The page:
What is geothermal energy?
Geothermal energy is a renewable energy from the natural source of heat contained within the earth. It can be extracted for beneficial uses including heating, drying and electrical generation.
What are the advantages of geothermal energy sector for Australia?
- Carbon neutral
- Reliable and available 24 hours per day
- Clean energy with low environmental footprint
- Local Job creation
- Dispatchable source of energy
- Small acreage area required for geothermal plant and facilities
- No storage or transportation requirements
- Many beneficial uses for Australian consumers
- Enjoys broad public support
- Application of technology advancements within renewable energy Industry
Does Australia have potential for geothermal energy?
Yes, Australia has a large potential for geothermal energy. Australia is located entirely with the Indo-Australia tectonic plate where is geothermal resource is typically conductive processes rather than convective. Several geothermal ‘hot spots’ exist throughout Australia.
Conductive resources include those in sedimentary formations with largely conductive temperature gradients such as Paris Basin, Germany, and most of the resource in Australia.
Convective resources include high temperature sources of volcanic origin, with naturally flowering geological formations such as Wairakei in New Zealand, Iceland and Turkey
Are there many geothermal power plants?
Yes, there are in excess of 13,270 Megawatts of installed geothermal power plants in 24 countries, worldwide as per the image below.
A 10MW plant as an example may run one Megawatt hour (MWh) of electricity across 6,300 average Australian homes. This depends on many factors such as use and plant details.
WHAT ARE THE BENEFITS OF USING GEOTHERMAL ENERGY?
Answer: Several attributes make it a good source of energy.
First, it’s clean. Energy can be extracted without burning a fossil fuel such as coal, gas, or oil. Geothermal fields produce only about one-sixth of the carbon dioxide that a relatively clean natural-gas-fueled power plant produces, and very little if any, of the nitrous oxide or sulfur-bearing gases. Binary plants, which are closed cycle operations, release essentially no emissions.
Geothermal energy is available 24 hours a day, 365 days a year. Geothermal power plants have average availabilities of 90% or higher, compared to about 75% for coal plants.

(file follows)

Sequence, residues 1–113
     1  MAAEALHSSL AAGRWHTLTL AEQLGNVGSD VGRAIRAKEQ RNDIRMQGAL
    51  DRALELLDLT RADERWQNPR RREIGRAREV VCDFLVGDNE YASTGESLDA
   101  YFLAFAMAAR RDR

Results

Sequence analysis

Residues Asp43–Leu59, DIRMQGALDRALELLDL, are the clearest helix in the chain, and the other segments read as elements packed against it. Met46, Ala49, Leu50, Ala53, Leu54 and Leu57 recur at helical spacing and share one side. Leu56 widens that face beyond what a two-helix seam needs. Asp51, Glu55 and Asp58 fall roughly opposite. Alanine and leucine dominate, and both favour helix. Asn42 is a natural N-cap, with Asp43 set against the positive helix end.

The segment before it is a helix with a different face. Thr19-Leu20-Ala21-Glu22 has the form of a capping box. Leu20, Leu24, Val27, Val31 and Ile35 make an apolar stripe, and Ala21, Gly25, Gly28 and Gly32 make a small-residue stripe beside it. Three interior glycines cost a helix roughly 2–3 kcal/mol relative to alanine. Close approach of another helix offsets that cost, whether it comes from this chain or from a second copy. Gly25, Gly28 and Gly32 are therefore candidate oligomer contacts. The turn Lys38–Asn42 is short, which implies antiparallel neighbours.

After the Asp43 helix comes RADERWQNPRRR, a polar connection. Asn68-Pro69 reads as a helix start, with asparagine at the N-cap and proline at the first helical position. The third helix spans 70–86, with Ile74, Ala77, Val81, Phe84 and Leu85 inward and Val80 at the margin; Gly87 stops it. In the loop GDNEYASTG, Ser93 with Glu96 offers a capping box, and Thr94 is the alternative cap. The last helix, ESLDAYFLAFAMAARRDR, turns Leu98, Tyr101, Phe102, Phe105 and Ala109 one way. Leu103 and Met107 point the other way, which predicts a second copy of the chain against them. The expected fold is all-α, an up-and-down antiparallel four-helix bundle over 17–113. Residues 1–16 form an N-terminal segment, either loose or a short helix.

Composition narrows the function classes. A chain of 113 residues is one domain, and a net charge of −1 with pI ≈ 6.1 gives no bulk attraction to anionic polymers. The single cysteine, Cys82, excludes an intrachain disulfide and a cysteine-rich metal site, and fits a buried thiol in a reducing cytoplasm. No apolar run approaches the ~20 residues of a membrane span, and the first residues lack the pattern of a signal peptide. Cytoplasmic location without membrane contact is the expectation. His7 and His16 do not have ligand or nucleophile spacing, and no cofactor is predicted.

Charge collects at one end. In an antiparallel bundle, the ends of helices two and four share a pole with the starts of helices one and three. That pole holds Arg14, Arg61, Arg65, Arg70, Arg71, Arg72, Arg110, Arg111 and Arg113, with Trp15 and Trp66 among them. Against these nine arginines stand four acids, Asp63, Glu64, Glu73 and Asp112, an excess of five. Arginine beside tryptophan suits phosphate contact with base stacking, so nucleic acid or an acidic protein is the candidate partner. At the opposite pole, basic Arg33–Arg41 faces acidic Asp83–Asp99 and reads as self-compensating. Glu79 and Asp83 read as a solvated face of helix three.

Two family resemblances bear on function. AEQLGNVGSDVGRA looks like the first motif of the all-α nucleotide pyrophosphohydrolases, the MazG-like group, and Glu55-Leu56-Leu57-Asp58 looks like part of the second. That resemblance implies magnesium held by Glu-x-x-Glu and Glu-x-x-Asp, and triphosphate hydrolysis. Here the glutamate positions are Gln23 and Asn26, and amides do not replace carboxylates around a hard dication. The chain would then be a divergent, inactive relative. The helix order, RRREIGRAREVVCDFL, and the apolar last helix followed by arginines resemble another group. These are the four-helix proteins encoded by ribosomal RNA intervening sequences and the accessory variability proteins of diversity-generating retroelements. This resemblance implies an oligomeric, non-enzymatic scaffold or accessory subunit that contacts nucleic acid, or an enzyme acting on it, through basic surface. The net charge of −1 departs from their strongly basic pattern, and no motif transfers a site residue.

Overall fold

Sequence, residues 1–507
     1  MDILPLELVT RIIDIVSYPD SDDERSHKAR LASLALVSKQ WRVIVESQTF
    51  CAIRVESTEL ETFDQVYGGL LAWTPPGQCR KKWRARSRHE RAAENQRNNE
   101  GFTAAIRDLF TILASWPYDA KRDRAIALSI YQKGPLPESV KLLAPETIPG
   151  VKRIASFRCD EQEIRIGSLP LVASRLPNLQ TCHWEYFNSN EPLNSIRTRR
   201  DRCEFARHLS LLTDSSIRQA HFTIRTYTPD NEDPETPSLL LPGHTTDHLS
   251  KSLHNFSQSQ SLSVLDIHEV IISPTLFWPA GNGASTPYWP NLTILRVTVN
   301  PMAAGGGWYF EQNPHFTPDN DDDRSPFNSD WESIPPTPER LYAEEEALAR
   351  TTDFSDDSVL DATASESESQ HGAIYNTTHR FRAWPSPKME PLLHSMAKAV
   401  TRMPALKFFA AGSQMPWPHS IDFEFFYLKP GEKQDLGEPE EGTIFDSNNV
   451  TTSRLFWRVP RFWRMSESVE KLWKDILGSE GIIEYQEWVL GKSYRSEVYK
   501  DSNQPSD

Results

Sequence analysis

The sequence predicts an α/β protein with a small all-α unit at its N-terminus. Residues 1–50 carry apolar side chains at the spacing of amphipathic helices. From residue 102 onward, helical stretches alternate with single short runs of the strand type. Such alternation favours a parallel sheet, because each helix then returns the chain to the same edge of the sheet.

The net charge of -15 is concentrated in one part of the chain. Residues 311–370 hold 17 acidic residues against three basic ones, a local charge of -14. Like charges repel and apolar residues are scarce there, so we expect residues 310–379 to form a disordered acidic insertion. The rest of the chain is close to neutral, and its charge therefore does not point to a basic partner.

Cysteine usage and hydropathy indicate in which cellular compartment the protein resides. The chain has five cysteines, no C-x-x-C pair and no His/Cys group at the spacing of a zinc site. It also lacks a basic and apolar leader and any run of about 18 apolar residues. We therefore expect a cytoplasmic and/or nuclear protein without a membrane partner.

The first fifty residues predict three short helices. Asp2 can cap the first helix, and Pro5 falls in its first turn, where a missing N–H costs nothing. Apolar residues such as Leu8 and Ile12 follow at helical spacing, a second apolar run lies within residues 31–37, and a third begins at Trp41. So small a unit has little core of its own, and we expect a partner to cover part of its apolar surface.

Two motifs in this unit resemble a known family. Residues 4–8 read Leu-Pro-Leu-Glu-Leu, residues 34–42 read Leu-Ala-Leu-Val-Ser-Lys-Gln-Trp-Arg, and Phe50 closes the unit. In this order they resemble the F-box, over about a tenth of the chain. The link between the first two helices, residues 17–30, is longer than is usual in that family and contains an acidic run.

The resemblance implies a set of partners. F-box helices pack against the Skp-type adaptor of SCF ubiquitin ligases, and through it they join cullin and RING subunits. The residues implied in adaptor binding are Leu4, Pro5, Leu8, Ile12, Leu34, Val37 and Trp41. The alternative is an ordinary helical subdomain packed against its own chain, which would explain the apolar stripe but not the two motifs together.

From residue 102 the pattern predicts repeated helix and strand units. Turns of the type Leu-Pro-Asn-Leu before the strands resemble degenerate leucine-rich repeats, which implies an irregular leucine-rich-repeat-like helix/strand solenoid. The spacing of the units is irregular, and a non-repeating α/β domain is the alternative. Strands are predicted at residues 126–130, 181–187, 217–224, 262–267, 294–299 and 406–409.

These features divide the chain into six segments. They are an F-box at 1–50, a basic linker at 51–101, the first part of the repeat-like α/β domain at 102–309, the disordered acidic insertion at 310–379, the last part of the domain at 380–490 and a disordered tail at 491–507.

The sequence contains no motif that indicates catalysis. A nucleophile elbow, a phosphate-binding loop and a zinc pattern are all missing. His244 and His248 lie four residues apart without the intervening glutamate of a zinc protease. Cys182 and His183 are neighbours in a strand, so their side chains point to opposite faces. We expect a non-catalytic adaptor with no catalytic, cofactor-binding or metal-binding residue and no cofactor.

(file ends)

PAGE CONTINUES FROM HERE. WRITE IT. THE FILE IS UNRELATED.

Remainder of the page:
WHY IS GEOTHERMAL ENERGY A RENEWABLE RESOURCE?
Answer: Because its source is the almost unlimited amount of heat generated by the Earth’s core. Even in geothermal areas dependent on a reservoir of hot water, the volume taken out can be reinjected, making it a sustainable energy source.
WHAT ARE THE ENVIRONMENTAL IMPACTS OF USING GEOTHERMAL ENERGY?
Answer: Geothermal technologies offer many environmental advantages over conventional power generation:
Emissions are low. Only excess steam is emitted by geothermal flash plants. No air emissions or liquids are discharged by binary geothermal plants, which are projected to become the dominant technology in the near future.
Salts and dissolved minerals contained in geothermal fluids are usually reinjected with excess water back into the reservoir at a depth well below groundwater aquifers. This recycles the geothermal water and replenishes the reservoir.
Some geothermal plants do produce some solid materials, or sludges, that require disposal in approved sites. Some of these solids are now being extracted for sale (zinc, silica, and lithium, for example), making the resource even more valuable and environmentally friendly.
WHAT IS THE VISUAL IMPACT OF GEOTHERMAL TECHNOLOGIES?
Answer: District heating systems and geothermal heat pumps are easily integrated into communities with almost no visual impact. Geothermal power plants use relatively small acreages, and don’t require storage, transportation, or combustion of fuels. Either no emissions or just steam are visible. These qualities reduce the overall visual impact of power plants in scenic regions.
IS IT POSSIBLE TO DEPLETE GEOTHERMAL RESERVOIRS?
Answer: The long-term sustainability of geothermal energy production has been demonstrated at the Lardarello field in Italy since 1913, at the Wairakei field in New Zealand since 1958, and at The Geysers field in California since 1960. Pressure and production declines have been experienced at some plants, and operators have begun reinjecting water to maintain reservoir pressure. The City of Santa Rosa, California, pipes its treated wastewater up to The Geysers to be used as reinjection fluid, thereby prolonging the life of the reservoir while recycling the treated wastewater.